The government has reaffirmed its pledges to significantly reduce poverty in Armenia in the next five years.
The government’s policy program approved by parliament in June says that sustained and faster economic growth will cut poverty from 29.4 percent in 2016 to 18 percent by 2022. It also says that export promotion and better conditions for doing business will allow the Armenian economy to grow by around 5 percent annually in this five-year period.
Deputy Prime Minister Vache Gabrielian called these targets realistic when he spoke to RFE/RL’s Armenian service (Azatutyun.am) this week. Gabrielian stressed the importance of faster growth anticipated by Prime Minister Karen Karapetian’s cabinet. He said it will benefit rural regions of the country where poverty has traditionally been higher than in Yerevan.
“If you look at our  budget you will see that agriculture is one of the few sectors where there will be an increase in [government] spending,” said Gabrielian. “It means that we are planning measures especially in that sector, which could have the greatest impact on poverty reduction.”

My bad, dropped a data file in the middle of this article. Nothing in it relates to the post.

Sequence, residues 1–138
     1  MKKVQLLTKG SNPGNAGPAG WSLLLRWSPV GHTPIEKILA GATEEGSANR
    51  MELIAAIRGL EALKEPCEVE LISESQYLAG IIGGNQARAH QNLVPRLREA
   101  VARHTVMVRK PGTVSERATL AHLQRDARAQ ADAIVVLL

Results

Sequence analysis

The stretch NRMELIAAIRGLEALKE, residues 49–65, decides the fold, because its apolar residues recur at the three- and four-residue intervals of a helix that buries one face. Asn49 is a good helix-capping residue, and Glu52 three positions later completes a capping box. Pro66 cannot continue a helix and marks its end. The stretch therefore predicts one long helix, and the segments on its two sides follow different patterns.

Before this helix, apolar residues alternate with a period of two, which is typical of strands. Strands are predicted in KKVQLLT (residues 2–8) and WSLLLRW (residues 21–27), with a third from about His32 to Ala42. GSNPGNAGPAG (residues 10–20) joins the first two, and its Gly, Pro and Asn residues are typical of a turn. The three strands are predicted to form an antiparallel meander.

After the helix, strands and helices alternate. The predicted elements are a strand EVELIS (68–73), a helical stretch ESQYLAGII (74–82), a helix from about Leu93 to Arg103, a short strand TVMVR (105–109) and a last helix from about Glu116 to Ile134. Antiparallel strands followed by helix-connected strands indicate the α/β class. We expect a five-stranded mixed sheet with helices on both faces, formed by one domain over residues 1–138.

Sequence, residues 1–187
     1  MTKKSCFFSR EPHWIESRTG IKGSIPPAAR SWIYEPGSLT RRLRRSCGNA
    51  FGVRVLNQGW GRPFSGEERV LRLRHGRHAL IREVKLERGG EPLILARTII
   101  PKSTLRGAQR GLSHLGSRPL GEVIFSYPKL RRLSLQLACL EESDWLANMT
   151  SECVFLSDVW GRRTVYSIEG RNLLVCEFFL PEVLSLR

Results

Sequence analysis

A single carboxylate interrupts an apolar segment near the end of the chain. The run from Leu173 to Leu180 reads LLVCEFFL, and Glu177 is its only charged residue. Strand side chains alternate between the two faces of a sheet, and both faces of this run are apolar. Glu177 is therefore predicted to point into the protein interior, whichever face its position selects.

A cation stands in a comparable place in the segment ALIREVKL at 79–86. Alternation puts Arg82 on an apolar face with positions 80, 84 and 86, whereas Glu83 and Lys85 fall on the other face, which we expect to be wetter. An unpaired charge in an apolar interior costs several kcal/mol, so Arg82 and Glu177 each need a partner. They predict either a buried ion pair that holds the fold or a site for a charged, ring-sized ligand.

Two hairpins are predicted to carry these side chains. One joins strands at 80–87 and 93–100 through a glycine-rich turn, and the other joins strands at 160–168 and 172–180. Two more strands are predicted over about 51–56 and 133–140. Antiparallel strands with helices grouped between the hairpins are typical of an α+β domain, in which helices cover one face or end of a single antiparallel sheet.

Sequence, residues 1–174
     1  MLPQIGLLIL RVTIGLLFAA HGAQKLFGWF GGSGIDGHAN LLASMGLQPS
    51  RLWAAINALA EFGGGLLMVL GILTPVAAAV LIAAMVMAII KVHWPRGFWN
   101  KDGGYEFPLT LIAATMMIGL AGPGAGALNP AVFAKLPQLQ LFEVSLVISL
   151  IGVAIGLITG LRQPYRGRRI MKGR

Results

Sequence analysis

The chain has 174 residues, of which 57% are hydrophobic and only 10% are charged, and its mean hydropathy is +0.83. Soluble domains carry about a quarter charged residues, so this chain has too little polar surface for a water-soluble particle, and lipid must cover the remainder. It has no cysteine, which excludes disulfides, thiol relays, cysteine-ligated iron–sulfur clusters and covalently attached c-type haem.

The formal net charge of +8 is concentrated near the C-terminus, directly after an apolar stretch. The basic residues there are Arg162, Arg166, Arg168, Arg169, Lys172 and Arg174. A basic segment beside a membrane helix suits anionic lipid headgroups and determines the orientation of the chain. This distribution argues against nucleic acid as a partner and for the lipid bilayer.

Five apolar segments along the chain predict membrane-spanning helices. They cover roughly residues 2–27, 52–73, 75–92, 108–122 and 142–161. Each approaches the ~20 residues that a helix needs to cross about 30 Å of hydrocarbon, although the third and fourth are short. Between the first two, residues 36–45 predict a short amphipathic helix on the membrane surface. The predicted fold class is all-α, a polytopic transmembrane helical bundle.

But Vahagn Khachatrian, an economist affiliated with the opposition Armenian National Congress (HHK) dismissed the government plan as “extremely unrealistic.” “These are just pieces of paper which they write up for the sake of writing and which are not put into practice,” he said.
Khachatrian argued that the government’s 2018 budget does not call for any increases in public sector salaries, pensions and poverty benefits which were most recently raised in 2015. That, he said, means that real incomes of hundreds of thousands of Armenians will fall next year because of consumer price inflation.
Under the government program, the minimum national wage, which currently stands at 55,000 drams ($114) per month, will rise by 25 percent by 2022. According to Deputy Minister of Labor and Social Affairs Tadevos Avetisian, the government will start raising it after 2018.
Using a different methodology, the World Bank has recorded lower poverty rates in Armenia. According to it, just under 25 percent of Armenians lived in poverty in 2016. In a report released in May, the bank forecast that the poverty rate will fall to 22.2 percent in 2019.